Nicaragua invades!

Nicaragua invades!
Of course, the tricky thing about having no army is that, well, you have no army!  Costa Rica is proud of its pacific nature and the decision taken more than sixty years ago to abolish the armed forces and ensure that the type of coup dependent on an army that has been seen repeatedly in other Latin countries can’t occur here. However, as much as the national anthem may boast of Costa Rican citizens sharpening farm tools to use as weapons to defend their country from invaders as they admirably did to face the filibuster William Walker in the nineteenth century, times have changed since then and no one on the streets or in the fields appears to be sharpening a machete and getting ready for action!
Nicaragua’s decision to move troops into the Isla Calero, on the Caribbean border between Nicaragua and Costa Rica on the 28th of October , has left most Ticos –always patriotic- feeling impotent in the face of foreign invasion!  President Chinchilla has sent 200 armed police officers to the area, but the Nicaraguan troops remain on supposed Costa Rican soil.  Heated discussion in the chambers of the Organization of American States, led to the 22 of the 27 member states voting for the removal of troops and a carefully crafted list of suggested next steps from the OAS’ secretary, Jose Miguel Insulza, but Nicaraguan President Daniel Ortega holds firm on his country’s right to this tiny and apparently useless piece of land.  Nicaraguan politicians have also voted to continue the river dredging project that is opposed by Costa Rica.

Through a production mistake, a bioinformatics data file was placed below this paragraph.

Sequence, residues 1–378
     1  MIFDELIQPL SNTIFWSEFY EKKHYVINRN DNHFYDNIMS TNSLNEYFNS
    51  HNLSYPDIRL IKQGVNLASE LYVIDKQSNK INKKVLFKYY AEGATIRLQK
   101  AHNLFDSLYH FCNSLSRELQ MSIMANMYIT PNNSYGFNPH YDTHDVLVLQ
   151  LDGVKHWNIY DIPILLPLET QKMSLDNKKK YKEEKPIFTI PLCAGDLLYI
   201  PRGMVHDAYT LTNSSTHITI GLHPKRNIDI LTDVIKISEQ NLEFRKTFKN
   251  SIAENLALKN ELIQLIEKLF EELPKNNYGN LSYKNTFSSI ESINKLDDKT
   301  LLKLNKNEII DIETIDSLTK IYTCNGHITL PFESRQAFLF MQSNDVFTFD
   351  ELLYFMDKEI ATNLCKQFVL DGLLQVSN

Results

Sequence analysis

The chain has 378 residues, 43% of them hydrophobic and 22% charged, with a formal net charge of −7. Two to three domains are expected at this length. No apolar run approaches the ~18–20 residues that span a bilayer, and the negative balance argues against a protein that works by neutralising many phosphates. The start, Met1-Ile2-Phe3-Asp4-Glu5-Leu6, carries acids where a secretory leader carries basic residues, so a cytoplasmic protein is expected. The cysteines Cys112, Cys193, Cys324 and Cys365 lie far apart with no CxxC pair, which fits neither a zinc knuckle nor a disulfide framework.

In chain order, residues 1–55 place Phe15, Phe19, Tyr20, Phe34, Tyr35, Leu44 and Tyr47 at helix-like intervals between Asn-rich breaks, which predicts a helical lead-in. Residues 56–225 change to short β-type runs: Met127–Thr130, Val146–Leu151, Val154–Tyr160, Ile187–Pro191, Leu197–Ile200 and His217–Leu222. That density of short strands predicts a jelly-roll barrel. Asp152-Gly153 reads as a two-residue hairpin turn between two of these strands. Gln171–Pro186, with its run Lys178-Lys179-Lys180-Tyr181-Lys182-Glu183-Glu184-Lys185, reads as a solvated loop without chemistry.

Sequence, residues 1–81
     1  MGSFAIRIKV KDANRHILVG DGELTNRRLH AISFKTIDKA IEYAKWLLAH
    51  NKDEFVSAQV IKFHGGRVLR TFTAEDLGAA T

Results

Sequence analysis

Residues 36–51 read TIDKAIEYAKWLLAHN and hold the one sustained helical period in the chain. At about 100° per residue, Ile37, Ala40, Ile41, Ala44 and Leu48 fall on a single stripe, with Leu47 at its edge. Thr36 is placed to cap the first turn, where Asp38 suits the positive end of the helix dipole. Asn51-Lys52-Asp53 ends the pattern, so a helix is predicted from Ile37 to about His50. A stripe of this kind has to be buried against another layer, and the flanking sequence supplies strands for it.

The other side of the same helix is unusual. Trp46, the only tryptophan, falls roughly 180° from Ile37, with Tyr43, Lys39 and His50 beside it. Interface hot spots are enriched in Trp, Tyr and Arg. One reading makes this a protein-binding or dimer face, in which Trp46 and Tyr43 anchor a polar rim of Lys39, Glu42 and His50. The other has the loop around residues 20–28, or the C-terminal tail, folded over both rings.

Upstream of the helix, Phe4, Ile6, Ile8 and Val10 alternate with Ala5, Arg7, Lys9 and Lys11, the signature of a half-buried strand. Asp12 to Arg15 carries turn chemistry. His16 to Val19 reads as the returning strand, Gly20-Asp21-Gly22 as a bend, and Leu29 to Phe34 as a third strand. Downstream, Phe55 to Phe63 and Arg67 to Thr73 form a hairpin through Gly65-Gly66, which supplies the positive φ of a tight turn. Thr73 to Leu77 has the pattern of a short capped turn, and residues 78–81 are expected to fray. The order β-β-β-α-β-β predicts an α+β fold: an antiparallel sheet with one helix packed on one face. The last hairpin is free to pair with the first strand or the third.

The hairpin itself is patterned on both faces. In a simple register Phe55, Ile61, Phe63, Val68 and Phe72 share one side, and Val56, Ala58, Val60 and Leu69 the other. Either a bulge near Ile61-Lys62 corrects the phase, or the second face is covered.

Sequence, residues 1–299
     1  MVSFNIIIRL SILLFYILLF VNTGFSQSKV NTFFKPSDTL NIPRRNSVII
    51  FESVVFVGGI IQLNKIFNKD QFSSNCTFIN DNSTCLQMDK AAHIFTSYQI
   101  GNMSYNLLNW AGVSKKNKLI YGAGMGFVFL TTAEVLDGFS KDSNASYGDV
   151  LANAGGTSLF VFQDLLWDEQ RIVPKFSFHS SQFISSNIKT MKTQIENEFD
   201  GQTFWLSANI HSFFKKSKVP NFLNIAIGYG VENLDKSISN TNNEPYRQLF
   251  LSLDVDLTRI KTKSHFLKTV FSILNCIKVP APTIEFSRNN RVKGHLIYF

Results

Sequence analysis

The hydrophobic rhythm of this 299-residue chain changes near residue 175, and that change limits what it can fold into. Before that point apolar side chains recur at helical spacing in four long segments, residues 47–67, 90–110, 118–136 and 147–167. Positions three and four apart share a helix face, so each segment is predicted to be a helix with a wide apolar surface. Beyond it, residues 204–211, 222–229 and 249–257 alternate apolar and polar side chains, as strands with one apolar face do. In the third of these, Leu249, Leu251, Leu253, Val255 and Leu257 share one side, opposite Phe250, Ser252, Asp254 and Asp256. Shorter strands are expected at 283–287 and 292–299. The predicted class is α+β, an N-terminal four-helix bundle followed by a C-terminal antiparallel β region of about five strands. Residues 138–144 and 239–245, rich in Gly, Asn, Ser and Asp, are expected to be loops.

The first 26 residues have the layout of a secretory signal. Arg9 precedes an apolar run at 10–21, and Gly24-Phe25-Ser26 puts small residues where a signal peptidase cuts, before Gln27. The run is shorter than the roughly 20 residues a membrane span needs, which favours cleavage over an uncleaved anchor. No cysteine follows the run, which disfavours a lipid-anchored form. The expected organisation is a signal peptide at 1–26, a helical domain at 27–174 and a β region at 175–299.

Tico fury at this can be seen by the attack on the Nicaraguan Embassy in San Jose by a Molotov cocktail on the 12th of November, but Laura Chinchilla has been quick to reassure the large number of Nicaraguans living in the country that they shouldn’t fear reprisals.  The government further proved its reluctance to act aggressively towards its neighboring nation by allowing a shipment of German trucks to be transported to their Nicaraguan destination after they landed at the Costa Rican port of Limon.  While the government may be doing their best to maintain the country’s image of tolerance and peace; the average Tico on the street might not be so easily appeased.  Tabloid media in Costa Rica are quick to paint a picture of the Nicaraguans living in the country as being violent thieves, who steal Costa Rican’s jobs and drain the health service.  The racism held by many towards the immigrants who came here escaping brutal civil war or terrible poverty, is a potential time bomb.

A comical twist to the whole situation is the claim that Nicaragua decided to invade based on a Google map of the disputed zone, which shows the island within Nicaraguan territory.  This is fiercely denied by Nicaraguan generals and Google have been quick to point out that their maps weren’t intended for military or governmental use!

Hopefully, the whole situation will be quickly and peacefully resolved.

We Welcome Your Feedback!

Comments are closed.